Author: Steven J. Cernak
On October 6, 2020, the Antitrust Subcommittee of the U.S. House Judiciary Committee issued its long-anticipated Majority Report of its Investigation of Competition in Digital Markets. As expected, the Report detailed its findings from its investigation of Google, Apple, Facebook, and Amazon along with recommendations for actions for Congress to consider regarding those firms.
In addition, the Report included recommendations for some general legislative changes to the antitrust laws. Included in those recommendations were proposals for Congress to overrule several classic antitrust opinions. Because this blog has summarized several classic antitrust cases over the years (see here and here, for example), we thought we would summarize some of the opinions that now might be on the chopping block. This post concerns two classic Supreme Court opinions on refusal to deal or essential facility monopolization claims, Trinko and linkLine.
House Report on Refusal to Deal and Essential Facilities
The Report’s recommendations for general changes in the antitrust laws included several aimed at increasing enforcement of Sherman Act Section 2’s prohibition of monopolization. In particular, the Report recommended that:
Congress consider revitalizing the “essential facilities” doctrine, or the legal requirement that dominant firms provide access to their infrastructural services or facilities on a nondiscriminatory basis. To clarify the law, Congress should consider overriding judicial decisions that have treated unfavorably essential facilities- and refusal to deal-based theories of harm. (Report, pp. 396-7)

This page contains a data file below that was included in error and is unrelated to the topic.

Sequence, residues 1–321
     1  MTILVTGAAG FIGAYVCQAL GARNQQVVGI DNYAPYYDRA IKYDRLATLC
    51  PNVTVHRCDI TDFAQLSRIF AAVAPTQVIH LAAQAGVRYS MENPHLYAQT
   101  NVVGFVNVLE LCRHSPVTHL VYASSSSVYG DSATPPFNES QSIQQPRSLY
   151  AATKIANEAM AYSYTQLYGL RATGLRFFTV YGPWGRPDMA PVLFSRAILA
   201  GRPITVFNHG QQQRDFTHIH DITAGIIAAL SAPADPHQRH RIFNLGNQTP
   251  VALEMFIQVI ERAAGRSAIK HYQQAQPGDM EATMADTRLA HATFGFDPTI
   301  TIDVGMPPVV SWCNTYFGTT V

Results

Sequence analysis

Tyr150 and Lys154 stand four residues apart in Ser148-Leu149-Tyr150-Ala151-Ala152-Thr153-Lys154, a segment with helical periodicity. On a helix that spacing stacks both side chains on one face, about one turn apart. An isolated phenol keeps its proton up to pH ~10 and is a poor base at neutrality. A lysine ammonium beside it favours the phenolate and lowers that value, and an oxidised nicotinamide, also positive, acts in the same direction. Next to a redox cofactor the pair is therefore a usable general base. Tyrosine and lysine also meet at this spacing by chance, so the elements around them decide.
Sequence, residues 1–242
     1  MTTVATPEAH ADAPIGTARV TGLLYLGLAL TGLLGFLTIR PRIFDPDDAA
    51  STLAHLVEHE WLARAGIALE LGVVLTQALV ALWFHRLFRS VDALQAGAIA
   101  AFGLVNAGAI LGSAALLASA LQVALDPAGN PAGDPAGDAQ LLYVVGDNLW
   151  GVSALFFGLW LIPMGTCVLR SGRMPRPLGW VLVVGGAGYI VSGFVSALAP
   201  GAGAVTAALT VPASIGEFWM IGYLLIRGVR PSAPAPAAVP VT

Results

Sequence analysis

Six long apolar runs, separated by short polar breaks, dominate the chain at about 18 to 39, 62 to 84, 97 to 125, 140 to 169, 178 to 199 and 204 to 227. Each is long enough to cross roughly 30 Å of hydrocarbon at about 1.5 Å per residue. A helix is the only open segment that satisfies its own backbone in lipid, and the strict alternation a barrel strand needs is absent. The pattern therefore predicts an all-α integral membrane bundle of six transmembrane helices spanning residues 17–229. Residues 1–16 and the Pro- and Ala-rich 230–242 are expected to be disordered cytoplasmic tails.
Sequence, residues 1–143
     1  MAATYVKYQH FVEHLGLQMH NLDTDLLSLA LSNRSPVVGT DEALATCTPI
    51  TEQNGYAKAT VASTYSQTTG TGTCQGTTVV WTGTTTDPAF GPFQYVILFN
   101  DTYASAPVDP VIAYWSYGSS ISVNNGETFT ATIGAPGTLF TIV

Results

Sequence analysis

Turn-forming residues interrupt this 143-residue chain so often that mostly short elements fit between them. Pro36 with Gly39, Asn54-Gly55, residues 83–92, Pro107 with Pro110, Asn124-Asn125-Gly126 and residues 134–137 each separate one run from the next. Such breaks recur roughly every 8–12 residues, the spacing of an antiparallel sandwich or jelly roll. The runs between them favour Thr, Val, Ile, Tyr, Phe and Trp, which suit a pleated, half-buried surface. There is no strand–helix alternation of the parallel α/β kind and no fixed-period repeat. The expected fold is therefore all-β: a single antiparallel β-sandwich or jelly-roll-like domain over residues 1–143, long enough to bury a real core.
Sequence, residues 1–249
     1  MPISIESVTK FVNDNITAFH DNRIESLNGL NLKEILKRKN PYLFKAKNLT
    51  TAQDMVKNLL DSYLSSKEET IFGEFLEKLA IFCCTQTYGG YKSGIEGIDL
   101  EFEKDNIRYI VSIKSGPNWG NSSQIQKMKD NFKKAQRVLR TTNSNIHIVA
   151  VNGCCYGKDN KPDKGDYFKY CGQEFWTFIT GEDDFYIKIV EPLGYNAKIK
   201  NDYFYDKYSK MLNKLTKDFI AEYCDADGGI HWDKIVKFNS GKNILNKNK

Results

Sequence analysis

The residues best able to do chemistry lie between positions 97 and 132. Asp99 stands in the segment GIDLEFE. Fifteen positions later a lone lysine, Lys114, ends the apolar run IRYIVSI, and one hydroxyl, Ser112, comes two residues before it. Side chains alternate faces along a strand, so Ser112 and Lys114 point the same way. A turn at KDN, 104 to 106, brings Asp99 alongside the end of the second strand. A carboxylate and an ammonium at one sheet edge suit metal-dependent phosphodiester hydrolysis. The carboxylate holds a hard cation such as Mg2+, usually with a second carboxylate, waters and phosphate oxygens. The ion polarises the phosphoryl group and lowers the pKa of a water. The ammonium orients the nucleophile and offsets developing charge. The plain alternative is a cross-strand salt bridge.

The two judicial opinions listed were Verizon Commc’ns Inc. v. Law Offices of Curtis V. Trinko, LLP, 540 U.S. 398 (2004) and Pacific Bell Telephone Co. v. linkLine Communications, Inc., 555 U.S. 438 (2009).
Justice Scalia wrote the Court’s opinion dismissing the plaintiff’s refusal to deal claim. There were no dissents although Justice Stevens, joined by Justices Souter and Thomas, wrote separately to concur in the result but would have dismissed based on lack of standing.
Since the Supreme Court’s 1919 U.S. v. Colgate (250 U.S. 300) decision, courts have found that “in the absence of any purpose to create or maintain a monopoly,” the antitrust laws allow any actor, including a monopolist, “freely to exercise his own independent discretion as to parties with whom he will deal.” Trinko narrowly interpreted the Court’s earlier exceptions to the rule that even a monopolist can choose its own trading partners.